jar-of-golf-balls1
Ah, a new year.
A time for rejuvenation, renewed effort, or a new game plan – in other words, the ever popular New Year’s Resolutions.
I’ve never really liked resolutions. They usually wind up a bit unrealistic and destined to fail.
In the past I’ve tried out a couple of variations of the idea of New Year’s Resolutions, creating scary-good goals, creating a great story, and simplifying things.
Over the Holiday break I reconnected with a blogging friend (Todd Sellick of A Private Affair) and he posed a great question to his readers last year.
Fill in this blank:

Any time spent _____________ is absolutely not a waste of time!

What’s the first thing that comes to mind?
Share this statement with your spouse. What’s their response?
It’s easy to get caught up with and only focus on the things that seem a waste of time. But what if you focus was on the things you love to do? Things that at the end of the day you can look back on and say “That was a good day!”
Too often the top New Year’s resolutions are pretty boring. Lose weight, get out of debt, get in shape, etc. Not that they’re unimportant, just that they fail to stir something deep inside.
How about this?
Instead of New Year Resolutions, come up with a list of five things that complete this statement …
For me, any time spent __________ is absolutely not a waste of time!
1. ____________________________________
2. ____________________________________
3. ____________________________________
4. ____________________________________
5. ____________________________________
Now write these someplace you’ll see regularly. These are the five things that are really important, what matters, what you enjoy, what make life worth living.
Ask your spouse to do the same. No cheating. Compare notes and perhaps discover something about each other.

“Who loves not women, wine and song remains a fool his whole life long.” – Martin Luther (1483-1546)

Along with this idea, my father told me of an object lesson he recently came across.
When things in your life seem almost to much to handle, when 24 hours in a day are not enough, remember the mayonnaise jar … and the beer.
A Professor stood before his philosophy class and had some items in front of him. When the class began, wordlessly, he picked up a very large and empty mayonnaise jar and proceeded to fill it with golf balls. He then asked the students if the jar was full. They agreed that it was.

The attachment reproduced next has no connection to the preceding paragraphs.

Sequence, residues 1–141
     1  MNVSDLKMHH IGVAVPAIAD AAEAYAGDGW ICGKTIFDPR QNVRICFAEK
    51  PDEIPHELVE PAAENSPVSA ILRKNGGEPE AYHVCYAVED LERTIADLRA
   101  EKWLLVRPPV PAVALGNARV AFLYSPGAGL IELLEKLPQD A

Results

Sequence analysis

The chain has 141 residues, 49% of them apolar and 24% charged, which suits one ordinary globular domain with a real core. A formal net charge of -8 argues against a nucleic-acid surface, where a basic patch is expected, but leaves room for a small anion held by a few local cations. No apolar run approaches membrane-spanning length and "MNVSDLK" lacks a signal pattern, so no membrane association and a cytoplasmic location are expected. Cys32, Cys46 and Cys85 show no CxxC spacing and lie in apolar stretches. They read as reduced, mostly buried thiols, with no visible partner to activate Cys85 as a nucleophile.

So the Professor then picked up a box of pebbles and poured them into the jar. He shook the jar lightly. The pebbles rolled into the open areas between the golf balls. He then asked the students again if the jar was full. They agreed it was.
The Professor next picked up a box of sand and poured it into the jar. Of course, the sand filled up everything else. He asked once more if the jar was full. The students responded with an unanimous “Yes.”
The Professor then produced two cans of beer from under the table and poured the entire contents into the jar, effectively filling the empty space between the sand. The students laughed.
“Now,” said the Professor, as the laughter subsided, “I want you to recognize that this jar represents your life.
The golf balls are the important things – your family, your children, your health, your friends, your favorite passions – things that if everything else was lost and only they remained, your life would still be full.
The pebbles are the other things that matter like your job, your house, your car. The sand is everything else – the small stuff.”
“If you put the sand into the jar first”, he continued, “there is no room for the pebbles or the golf balls. The same goes for life. If you spend all your time and energy on the small stuff, you will never have room for the things that are important to you. Pay attention to the things that are critical to your happiness. Play with your children. Take time to get medical checkups. Take your partner out to dinner. Play another 18. There will always be time to clean the house, and fix the disposal. Take care of the golf balls first, the things that really matter. Set your priorities. The rest is just sand.”
When he had finished, there was a profound silence. Then one of the students raised her hand and with a puzzled expression, inquired what the beer represented.
The Professor smiled. “I’m glad you asked. It just goes to show you that no matter how full your life may seem, there’s always room for a couple of beers with friends.”
Welcome to 2013! Be true to yourself and each other as you launch into a new year!

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